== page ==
Gone are the days when we had to use fancy technologies to render 3D objects to the screen. CSS3 comes with a few amazing properties to help us create 3D shapes from nothing but standard HTML Divs. The transform: skew property is the one we are interested in today particularly, and we’ll see how this comes into play when creating our 3D cube. Let’s jump right in.

STEP ONE:

The HTML

We’ve created a very simple HTML page with 3 Divs, each with their own unique ID. There’s nothing special about the HTML page at all in fact. Here, have a look for yourself:

STEP TWO:

The CSS

Our CSS is a bit more complicated than our HTML; however, is still fairly easy to understand. Again, we’re making extensive use of the transform: skew property, as that is going to give us the illusion of a 3D object. Before I explain exactly what the transform: skew property does, have a look at the CSS:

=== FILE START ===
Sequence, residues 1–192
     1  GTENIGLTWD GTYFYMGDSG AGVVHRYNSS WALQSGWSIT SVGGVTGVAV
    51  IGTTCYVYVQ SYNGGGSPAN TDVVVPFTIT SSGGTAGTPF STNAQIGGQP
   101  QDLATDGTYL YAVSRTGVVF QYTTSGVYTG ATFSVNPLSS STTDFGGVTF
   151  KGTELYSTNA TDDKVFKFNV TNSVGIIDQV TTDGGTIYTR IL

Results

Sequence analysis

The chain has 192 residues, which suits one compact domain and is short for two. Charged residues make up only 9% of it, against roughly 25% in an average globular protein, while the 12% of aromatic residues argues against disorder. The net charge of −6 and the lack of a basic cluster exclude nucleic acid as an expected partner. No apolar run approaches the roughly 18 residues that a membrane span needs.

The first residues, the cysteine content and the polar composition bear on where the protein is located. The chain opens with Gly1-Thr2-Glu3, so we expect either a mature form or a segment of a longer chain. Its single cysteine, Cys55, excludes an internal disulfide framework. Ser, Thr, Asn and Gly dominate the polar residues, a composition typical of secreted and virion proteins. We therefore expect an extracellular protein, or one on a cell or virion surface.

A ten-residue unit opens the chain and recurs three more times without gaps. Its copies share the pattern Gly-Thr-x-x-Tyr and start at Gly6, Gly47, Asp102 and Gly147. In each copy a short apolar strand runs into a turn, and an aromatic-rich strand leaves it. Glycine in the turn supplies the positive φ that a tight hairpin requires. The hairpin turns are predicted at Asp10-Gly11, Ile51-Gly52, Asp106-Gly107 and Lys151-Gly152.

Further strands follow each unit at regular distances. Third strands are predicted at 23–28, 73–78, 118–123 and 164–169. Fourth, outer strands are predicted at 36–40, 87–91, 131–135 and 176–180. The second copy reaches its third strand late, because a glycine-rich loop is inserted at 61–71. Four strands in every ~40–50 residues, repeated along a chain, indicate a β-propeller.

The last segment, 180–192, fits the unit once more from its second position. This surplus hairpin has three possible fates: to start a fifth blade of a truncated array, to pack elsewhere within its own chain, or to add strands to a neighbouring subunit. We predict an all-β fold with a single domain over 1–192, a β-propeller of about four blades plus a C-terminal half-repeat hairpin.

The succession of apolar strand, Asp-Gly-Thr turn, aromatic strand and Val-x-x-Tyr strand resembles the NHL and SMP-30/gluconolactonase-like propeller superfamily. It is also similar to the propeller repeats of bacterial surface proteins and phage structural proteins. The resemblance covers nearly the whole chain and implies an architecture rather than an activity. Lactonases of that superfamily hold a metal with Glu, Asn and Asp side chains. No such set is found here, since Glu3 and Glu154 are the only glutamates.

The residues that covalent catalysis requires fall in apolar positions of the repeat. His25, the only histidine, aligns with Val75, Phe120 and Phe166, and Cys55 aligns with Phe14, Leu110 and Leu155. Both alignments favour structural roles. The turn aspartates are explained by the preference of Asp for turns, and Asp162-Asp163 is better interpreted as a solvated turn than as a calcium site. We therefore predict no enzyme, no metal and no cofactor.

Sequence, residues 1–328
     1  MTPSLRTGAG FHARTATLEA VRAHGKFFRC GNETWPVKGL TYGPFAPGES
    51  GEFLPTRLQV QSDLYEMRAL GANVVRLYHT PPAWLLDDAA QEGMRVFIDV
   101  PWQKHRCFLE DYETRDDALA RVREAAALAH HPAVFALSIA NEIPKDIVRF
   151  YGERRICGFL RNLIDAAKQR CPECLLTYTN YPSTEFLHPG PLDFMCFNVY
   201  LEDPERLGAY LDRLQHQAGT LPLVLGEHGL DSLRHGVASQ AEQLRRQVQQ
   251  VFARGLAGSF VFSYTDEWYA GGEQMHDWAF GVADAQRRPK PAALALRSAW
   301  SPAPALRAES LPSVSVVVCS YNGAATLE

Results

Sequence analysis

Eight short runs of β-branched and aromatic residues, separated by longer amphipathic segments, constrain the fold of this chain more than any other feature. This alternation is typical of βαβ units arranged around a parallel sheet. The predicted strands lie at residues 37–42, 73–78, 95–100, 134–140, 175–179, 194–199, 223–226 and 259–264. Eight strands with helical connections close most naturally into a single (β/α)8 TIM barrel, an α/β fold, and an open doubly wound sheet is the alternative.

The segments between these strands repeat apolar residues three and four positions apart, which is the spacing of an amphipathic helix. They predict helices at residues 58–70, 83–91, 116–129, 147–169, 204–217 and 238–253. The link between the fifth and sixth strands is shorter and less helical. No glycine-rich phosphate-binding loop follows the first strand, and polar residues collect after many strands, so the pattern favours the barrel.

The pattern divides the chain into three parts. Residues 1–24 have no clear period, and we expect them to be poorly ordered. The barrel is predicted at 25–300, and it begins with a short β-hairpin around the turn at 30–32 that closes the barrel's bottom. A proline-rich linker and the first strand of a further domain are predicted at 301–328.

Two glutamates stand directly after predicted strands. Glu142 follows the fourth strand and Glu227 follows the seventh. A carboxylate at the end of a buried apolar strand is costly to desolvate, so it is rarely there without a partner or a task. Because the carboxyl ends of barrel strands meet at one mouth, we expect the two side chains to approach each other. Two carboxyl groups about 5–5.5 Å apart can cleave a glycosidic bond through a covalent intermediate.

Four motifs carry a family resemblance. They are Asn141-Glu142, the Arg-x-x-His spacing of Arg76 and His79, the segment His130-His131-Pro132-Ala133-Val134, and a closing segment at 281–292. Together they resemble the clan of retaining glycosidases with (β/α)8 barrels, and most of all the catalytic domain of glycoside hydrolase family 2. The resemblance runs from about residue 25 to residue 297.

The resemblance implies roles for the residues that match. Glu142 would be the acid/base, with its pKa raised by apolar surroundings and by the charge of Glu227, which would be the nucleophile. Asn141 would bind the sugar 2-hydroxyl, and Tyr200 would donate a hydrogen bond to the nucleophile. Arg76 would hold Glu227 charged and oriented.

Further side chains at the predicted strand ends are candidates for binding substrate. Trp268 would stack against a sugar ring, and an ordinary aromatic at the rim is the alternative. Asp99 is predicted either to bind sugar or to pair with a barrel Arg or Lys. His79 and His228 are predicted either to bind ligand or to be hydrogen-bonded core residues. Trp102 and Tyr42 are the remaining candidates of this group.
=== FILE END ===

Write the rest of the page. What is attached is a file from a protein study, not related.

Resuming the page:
The transform: skew property essentially changes the perspective of an element on the page. In our CSS, we’ve skewed each of our faces so that they take the proper perspective for a cube, and rotated them to fit properly as well. If you load up the HTML file in your browser, you should see a perfectly shaped cubed object. This effect was accomplished by using the proper skew and rotates values for the 3 sides of the cube that you can see.

Preview in Design View:
Preview in Design View

Preview in Browser:
Preview in Browser

As you can see, there wasn’t much at all involved in our 3D cube. We declared the 3 faces in our HTML file, and then we rotated and skewed them to the proper values in the CSS file. Combining this process with transforms, shadows, and other animation techniques can take this cube to the next level. Experiment and see what you can build. See you soon!

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